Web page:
To contribute to this project simply take a photo or sound recording of any species at risk you encounter and submit it to iNaturalist. If you are not certain of the species, submit it anyway. iNaturalist is supported by a community of naturalists that will help identify the species once the observation has been submitted. If it turns out that the species is not at risk, your observation will still contribute to the iNaturalist biodiversity database.
The Alberta Amphibian and Reptile Conservancy has initiated an iNaturalist project to track all amphibian and reptile sightings in Alberta. In doing so, they hope to connect the public to these endearing, but often misunderstood animals. The information collected may be useful for the creation of a field guide, research, and conservation management.
Because this is an iNaturalist project, participating is easy. Just take a photo or sound recording of any amphibian or reptile you encounter using the iNaturalist app, add the species name if you know it, and press the "Submit" button. Your observation will automatically be added to the project. You can view the results anytime on the project website. If you are new to iNaturalist, view our Getting Started guide at the top of this page.
The BiodiverCity Challenge was inspired by the City Nature Challenge—a global urban biodiversity “contest”, where cities compete against one another to monitor biodiversity within their cities. The BiodiverCity Challenge invites Albertans to take part in a photo BioBlitz using the iNaturalist citizen science app.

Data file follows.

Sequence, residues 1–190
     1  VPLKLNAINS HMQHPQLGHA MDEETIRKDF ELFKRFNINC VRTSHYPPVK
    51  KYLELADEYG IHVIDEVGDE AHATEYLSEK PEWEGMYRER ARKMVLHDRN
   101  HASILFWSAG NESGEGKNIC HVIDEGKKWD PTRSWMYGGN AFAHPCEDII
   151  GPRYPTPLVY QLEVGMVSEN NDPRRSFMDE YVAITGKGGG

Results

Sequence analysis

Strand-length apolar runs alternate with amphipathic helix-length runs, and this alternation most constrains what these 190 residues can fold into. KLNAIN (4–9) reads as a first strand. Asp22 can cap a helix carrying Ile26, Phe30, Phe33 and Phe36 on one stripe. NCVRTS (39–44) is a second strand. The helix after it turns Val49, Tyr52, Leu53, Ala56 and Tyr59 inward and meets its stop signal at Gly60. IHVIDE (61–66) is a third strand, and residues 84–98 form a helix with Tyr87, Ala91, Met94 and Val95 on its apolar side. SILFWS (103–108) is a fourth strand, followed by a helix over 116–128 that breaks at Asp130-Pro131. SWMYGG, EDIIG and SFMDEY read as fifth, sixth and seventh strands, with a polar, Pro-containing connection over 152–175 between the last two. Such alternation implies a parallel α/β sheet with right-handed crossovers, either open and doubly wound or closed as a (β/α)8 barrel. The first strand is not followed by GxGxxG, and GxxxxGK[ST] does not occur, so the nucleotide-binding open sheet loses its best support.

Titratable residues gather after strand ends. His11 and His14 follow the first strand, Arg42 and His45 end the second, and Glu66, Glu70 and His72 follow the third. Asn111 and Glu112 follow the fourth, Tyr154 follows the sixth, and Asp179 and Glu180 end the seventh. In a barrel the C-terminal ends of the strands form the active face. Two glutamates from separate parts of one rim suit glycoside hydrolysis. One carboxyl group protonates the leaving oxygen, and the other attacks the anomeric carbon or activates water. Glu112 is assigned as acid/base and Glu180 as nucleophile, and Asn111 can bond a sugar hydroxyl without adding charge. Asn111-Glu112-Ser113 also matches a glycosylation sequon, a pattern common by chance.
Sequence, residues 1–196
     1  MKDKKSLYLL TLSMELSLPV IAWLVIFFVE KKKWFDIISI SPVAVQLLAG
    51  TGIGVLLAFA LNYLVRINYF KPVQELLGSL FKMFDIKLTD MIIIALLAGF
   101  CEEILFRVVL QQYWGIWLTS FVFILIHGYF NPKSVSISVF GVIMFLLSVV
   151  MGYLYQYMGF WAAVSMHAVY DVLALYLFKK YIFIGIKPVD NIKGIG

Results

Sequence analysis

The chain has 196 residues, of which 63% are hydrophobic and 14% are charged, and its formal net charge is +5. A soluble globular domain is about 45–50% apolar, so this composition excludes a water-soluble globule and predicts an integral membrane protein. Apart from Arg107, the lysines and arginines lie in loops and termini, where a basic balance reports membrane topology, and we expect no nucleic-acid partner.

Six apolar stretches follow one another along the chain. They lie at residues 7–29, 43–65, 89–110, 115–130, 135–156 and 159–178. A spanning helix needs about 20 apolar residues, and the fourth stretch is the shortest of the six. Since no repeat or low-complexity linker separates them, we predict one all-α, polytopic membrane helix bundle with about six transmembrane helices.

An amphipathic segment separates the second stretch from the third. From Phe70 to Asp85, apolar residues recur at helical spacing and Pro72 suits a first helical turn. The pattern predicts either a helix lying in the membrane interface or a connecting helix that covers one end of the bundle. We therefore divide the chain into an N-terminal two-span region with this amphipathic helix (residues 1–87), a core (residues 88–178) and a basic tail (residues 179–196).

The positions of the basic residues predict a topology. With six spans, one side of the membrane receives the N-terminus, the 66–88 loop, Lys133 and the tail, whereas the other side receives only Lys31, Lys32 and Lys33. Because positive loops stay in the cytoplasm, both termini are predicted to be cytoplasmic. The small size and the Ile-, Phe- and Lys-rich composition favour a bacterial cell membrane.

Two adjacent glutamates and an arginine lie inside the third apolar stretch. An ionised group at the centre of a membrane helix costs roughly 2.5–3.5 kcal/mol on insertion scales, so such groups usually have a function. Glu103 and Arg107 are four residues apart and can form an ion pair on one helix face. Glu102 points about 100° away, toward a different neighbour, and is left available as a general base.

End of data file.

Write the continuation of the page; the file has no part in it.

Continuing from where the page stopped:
Between June 9-12, join our region’s naturalists, species experts, and environmental groups in documenting as many species as you can! Simply upload your photos of birds, plants, mammals, moss, lichen, mushrooms and insects to iNaturalist. Your contributions will be used to help understand more about the species that call our region home.
Visit the BiodiverCity webpage for more information.
Franklin’s ground squirrel was once common in central Alberta; however, it has become increasingly rare over the years. Nature Alberta has started a project to record observations of this species as part of an initiative to have it listed as threatened. To learn more and to participate in this project, visit the project's web page.
The Early Detection and Distribution Mapping System is a citizen science initiative for documenting invasive species and pest distribution. Early detection and response are critical to successfully managing invasive species. You can report sightings either on the EDDMapS website or via the EDDMapS smartphone app, available for both iPhone and Android.
If you encounter an invasive species but do not have the EDDMapS app on your phone, you can also submit observations via iNaturalist. These observations contribute to the iNaturalist Alien Vascular Plants of Alberta project. However, sending information about invasive species directly to control agencies via the EDDMapS app is preferable when practical.
To learn more about invasive species in Canada, as well as control measures, visit the Invasive Species Centre website.